Biography of Tsvetaeva

Marina Ivanovna Tsvetaeva is a famous Russian poetess, prose writer, translator, who, with her work, left a bright mark in the literature of the 20th century.

Early years

Marina Tsvetaeva was born in Moscow on September 26, 1892. Her father was a university professor, his mother a pianist. It is worth mentioning briefly that Tsvetaeva’s biography was supplemented by the first verses at the age of six.

The first education was received in Moscow in a private women’s gymnasium, then she studied at boarding schools in Switzerland, Germany and France.

After the death of her mother, Marina and her brother and two sisters were raised by their father, who tried to give the children a good education.

The beginning of the creative path

The first collection of poems Tsvetaeva was published in 1910. Already at that time the famous ones – Valery Bryusov, Maximilian Voloshin and Nikolai Gumilev – drew attention to Tsvetaeva’s

work. Their work and the works of Nikolai Nekrasov significantly influenced the early work of the poet.

In 1912 she released the second collection of poems – “The Magic Lantern”. In these two collections Tsvetaeva also included poems for children: “So”, “In class”, “On Saturday”. In 1913 the third collection of the poetess entitled “From Two Books” was published.

During the Civil War for Tsvetaeva, poems are a means of expressing sympathy. In addition to poetry, she is engaged in writing plays.

Personal life

In 1912 he marries Sergei Efron, they have a daughter Ariadna.

In 1914, Tsvetaeva met with the poetess Sofia Parnok. Their romance lasted until 1916. Tsvetaeva devoted her cycle of poems called Girlfriend. Then Marina returned to her husband.

The second daughter of Marina, Irina, died at the age of three. In 1925 his son George was born.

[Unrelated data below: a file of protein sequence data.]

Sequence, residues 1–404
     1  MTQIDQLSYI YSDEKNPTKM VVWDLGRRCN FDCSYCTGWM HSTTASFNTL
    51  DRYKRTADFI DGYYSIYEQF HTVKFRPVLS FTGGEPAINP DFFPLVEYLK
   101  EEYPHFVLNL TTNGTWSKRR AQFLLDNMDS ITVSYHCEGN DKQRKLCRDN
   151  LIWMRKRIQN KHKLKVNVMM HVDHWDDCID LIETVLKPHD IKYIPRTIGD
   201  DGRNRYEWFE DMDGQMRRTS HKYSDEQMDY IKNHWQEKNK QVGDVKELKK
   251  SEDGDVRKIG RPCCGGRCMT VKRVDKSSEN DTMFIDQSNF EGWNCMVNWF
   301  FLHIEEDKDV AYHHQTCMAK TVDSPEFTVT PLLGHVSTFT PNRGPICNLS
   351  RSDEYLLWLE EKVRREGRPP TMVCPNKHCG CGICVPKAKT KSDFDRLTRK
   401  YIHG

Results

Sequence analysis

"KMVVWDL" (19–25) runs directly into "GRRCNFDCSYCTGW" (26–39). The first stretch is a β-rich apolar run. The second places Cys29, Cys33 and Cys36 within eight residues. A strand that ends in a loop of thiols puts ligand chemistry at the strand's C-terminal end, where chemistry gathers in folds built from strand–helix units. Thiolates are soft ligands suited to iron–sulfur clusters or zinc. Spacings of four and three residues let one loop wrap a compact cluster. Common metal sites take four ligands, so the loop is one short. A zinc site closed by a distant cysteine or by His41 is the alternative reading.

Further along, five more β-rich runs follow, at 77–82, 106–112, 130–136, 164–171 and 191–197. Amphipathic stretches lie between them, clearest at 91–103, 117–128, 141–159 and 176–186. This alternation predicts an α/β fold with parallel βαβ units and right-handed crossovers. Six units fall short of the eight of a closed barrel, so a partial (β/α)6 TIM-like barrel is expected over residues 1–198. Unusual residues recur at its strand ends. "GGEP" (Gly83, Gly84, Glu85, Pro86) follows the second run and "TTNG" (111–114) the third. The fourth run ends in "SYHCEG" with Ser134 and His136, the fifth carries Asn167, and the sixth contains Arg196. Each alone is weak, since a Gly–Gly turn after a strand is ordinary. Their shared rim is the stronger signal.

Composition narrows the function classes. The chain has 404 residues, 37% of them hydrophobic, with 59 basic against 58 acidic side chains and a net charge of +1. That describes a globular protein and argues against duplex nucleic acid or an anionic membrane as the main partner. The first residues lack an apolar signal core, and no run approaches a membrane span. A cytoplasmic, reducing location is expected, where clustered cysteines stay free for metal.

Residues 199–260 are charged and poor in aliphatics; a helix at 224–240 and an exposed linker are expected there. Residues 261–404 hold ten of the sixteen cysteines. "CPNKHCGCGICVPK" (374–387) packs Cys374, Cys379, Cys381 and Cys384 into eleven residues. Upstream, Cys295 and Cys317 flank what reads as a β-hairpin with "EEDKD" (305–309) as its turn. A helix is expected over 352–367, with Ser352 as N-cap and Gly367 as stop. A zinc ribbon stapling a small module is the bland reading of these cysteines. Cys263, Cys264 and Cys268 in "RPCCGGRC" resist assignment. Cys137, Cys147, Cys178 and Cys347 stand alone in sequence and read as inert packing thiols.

Life in exile

In 1922, Tsvetaeva moved to Berlin, then to the Czech Republic and Paris. Tsvetaeva’s work of those years includes the works of Poem

of the Mountain, Poem of the End, Poem of the Air. Tsvetaeva’s poems of 1922-1925 were published in the collection “After Russia”. However, the poems did not bring her popularity abroad. It was during the emigration in Marina Tsvetaeva’s biography that prose was widely recognized.

Tsvetaeva wrote a series of works dedicated to famous and important people:

    In 1930, a poetic cycle was written for Mayakovsky, in honor of the famous Vladimir Mayakovsky, whose suicide shocked the poetess; In 1933 – “Alive on the Living,” memories of Maximilian Voloshin In 1934 – “The Captive Spirit” in memory of Andrei Bely In 1936 – “The Unnearful Evening” about Mikhail Kuzmin In 1937 – “My Pushkin”, dedicated to Alexander Sergeyevich Pushkin
Return home and death

After living in poverty in the 1930s, in 1939 Tsvetaeva returned to the USSR. Her daughter and her husband are arrested. Sergei was shot in 1941, and his daughter was rehabilitated in 15 years.

During this period of his life, Tsvetaeva almost does not write poetry, but only translates.

On August 31, 1941, Tsvetaeva committed suicide. A great poetess was buried in the city of Elabuga at the Peter and Paul Cemetery.

The Tsvetaeva Museum is located in Sretenka Street in Moscow, also in Bolshevo, Alexandrov Vladimir Region, Feodosia, Bashkortostan. The monument to the poetess is set on the bank of the Oka River in the town of Tarusa, as well as in Odessa.

Interesting Facts
    Marina Tsvetaeva began her first poems as a child. And she did it not only in Russian, but also in French and German. She knew the languages ​​perfectly, because the family often lived abroad. She met her husband by accident, resting by the sea. Marina always believed that she would love a man who would give her a favorite stone. Her future husband, unaware of this, gave Tsvetaeva on the first day of their acquaintance a cornelian who found on the beach. During the Second World War, Tsvetaeva and her son were evacuated to Yelabuga. Helping Marina to collect a suitcase, her friend, Boris Pasternak, joked about the rope he had taken to tie the suitcase. It was on this ill-fated rope that the poet hung himself.

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Biography of Tsvetaeva